By Branwen Jeffreys
BBC News, Health correspondent
Hillingdon Primary Care Trust in north west London has the highest deficit of any NHS organisation in England.
Isabelle didn't want to go to hospital
But moves are afoot to address the problem
In the front room of a 98 year-old-patient a rapid response nursing team is dealing with the kind of crisis that usually ends up with someone in hospital.
Isabelle - who asked me not to use her full name - has breathing difficulties and needs to be monitored carefully.
She is adamant that she doesn't want to be admitted to hospital.
"I've got all my things here around me. I don't want to be in a hospital where they don't know me and everybody is strange, everything is strange."
Her GP has called on the new team set up in Hillingdon which offers crisis care for up to 48 hours in a patient's home.
Sue Elvin, the senior nurse, said they are already bringing down hospital admissions.
"I'd say 75% to 80% of the people we see we prevent going into hospital.
"Some people do need to go in. But we have set up a lot of services, we can access a lot to keep people at home safely ."
Once the rapid response team is fully up to speed that could cut the cost of hospital bills by £1.5 million a year.
And that is crucial in Hillingdon, where the primary care trust has a forecast debt this year of £65 million.
Primary care trusts provide community services, and pay for hospital care so weak finances have a big knock on effect.
So a tough debt busting chief executive has been sent in to sort Hillingdon out.
Antony Sumara is a trouble shooter. When he arrived the trust was overspending £2 million a month. He has now got that down to £1.5 million.
Simply rechecking all the bills for hospital care in the first quarter of the financial year revealed £600,000 of accounting errors.
I sat in at the weekly meeting where he holds his top team to account, telling them he won't believe they have saved money until they can show it has been signed off by the financial experts.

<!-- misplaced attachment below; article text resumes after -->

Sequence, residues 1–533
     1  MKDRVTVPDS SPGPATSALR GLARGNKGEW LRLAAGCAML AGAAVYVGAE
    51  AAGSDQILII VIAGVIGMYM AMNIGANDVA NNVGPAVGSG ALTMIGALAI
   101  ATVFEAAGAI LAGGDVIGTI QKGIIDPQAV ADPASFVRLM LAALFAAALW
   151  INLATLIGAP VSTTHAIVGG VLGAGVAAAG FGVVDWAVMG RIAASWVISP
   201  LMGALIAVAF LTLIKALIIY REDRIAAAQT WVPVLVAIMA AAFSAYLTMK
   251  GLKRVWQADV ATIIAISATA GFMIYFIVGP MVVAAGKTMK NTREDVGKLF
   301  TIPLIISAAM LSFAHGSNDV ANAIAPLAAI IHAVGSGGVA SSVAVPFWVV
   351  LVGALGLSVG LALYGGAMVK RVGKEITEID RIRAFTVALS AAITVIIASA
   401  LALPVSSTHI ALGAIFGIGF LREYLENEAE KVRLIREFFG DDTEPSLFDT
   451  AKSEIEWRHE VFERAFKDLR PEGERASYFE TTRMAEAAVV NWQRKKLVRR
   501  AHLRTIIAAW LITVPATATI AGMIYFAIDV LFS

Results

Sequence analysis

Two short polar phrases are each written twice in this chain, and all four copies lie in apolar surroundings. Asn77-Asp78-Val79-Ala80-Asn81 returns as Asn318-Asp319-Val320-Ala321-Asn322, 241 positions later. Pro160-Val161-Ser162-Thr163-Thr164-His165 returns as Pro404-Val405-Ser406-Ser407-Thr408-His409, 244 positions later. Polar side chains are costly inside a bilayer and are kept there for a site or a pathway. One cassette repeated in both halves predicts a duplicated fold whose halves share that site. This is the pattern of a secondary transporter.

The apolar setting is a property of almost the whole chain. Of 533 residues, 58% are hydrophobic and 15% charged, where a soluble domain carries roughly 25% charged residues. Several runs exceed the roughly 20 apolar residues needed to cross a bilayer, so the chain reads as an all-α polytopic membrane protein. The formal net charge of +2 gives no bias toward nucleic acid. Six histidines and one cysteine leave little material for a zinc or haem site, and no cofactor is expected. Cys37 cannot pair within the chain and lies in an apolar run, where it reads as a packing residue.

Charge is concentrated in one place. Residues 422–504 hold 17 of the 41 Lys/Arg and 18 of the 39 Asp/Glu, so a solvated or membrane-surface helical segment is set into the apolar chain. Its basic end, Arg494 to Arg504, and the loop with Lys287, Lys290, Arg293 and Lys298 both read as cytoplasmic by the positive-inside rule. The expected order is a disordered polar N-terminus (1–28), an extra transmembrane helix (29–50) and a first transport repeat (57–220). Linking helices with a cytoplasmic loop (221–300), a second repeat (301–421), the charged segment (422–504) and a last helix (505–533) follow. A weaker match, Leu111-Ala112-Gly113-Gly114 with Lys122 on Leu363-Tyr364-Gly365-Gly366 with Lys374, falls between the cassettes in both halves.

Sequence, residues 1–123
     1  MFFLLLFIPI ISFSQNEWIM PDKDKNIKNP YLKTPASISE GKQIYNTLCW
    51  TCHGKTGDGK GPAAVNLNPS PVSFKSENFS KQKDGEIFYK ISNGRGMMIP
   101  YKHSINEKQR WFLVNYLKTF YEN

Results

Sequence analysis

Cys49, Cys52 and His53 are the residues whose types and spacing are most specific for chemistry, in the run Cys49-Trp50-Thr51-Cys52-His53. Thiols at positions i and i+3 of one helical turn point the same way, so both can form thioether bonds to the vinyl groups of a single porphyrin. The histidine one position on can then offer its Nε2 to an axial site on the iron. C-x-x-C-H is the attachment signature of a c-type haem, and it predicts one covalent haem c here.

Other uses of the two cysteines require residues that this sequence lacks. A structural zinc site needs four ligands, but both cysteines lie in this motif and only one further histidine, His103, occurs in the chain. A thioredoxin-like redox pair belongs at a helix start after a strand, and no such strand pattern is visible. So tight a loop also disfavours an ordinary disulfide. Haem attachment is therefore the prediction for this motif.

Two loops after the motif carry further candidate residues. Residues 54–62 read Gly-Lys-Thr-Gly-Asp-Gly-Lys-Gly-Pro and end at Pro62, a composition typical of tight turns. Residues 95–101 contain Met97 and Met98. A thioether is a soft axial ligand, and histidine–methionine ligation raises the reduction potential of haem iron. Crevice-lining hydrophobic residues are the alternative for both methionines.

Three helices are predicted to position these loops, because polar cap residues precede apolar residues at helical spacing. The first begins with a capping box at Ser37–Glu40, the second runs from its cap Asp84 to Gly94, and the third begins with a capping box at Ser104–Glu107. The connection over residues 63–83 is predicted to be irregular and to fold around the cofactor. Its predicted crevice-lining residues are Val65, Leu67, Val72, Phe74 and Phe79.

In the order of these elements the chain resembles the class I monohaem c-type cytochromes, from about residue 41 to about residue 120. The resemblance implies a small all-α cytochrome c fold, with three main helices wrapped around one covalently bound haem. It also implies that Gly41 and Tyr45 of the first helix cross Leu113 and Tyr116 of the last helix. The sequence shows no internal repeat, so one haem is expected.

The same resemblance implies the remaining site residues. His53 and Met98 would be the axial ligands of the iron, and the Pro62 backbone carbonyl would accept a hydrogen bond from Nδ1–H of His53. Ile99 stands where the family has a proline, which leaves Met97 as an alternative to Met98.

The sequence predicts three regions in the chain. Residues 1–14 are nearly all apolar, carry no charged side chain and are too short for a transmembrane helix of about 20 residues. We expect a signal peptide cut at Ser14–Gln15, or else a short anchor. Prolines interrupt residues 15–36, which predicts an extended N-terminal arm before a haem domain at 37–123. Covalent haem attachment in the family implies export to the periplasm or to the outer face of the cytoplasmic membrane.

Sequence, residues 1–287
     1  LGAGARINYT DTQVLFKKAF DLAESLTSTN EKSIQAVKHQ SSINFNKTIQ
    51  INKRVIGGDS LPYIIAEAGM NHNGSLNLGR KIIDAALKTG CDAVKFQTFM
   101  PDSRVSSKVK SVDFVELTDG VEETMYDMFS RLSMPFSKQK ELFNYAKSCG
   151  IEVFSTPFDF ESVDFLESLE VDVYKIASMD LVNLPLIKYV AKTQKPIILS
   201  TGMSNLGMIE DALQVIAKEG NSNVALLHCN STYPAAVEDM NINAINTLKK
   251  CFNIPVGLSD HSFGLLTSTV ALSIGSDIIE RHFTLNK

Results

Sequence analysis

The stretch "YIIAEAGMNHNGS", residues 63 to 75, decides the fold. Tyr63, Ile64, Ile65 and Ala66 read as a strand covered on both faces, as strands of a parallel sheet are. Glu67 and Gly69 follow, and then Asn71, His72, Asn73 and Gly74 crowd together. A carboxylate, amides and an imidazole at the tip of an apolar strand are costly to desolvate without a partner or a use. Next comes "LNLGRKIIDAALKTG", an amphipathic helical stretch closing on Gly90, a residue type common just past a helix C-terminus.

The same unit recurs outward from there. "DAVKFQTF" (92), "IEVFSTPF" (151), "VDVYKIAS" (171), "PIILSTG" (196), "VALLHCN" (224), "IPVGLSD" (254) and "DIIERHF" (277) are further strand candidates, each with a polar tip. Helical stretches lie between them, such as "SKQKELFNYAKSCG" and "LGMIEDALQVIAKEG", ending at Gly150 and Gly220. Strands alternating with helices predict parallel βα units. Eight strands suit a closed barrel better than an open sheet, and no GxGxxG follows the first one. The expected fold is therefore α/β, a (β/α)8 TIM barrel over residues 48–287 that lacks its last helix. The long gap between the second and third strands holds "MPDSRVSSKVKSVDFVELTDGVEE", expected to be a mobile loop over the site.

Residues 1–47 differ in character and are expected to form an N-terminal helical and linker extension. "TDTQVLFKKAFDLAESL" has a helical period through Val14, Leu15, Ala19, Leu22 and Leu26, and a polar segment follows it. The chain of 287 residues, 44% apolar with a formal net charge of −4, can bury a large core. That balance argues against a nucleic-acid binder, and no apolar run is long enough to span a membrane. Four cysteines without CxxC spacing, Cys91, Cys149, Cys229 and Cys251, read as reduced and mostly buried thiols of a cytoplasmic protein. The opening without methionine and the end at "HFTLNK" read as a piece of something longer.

As well as running a tight ship there are more radical measures being put in place.
Negotiations are underway with local GPs to run an urgent care centre opening early next year.
That would see many of the patients currently walking into Accident and Emergency at Hillingdon hospital with more minor problems.
Effectively the GPs are being asked to undercut their hospital colleagues.
And Hillingdon PCT may become one of the first in England to contract out some of its management tasks to the private sector.
That could mean contracts with local hospitals to provide care being drawn up by a specialised consultancy firm rather than the trusts own staff.
The number of job losses involved among NHS administrators is not yet clear.
Nationally, it has been a controversial issue with unions strongly opposed to private sector involvement in nhs decision making.
But Mr Sumara told me that weak financial management combined with the upheaval of reorganisation in the NHS has allowed deficits in some areas to spiral.
He said the public have every right to be sceptical about what has happened to record investment in the NHS - and compares his job to a premiership manager.
"If the team is not going well the crowd start shouting: 'You don't know what you're doing.'
"It is a bit like that in the PCT. The public have got every right to say: 'You don't know what you're doing, you're losing money, you can't say how it happened and you haven't dealt with the problem'."
This year, like other NHS managers trying to bring down deficits, he will be under pressure.
Hillingdon PCT can't wipe out its debt in the next few months but Antony Sumara is confident he can stop it overspending and begin to turn the corner.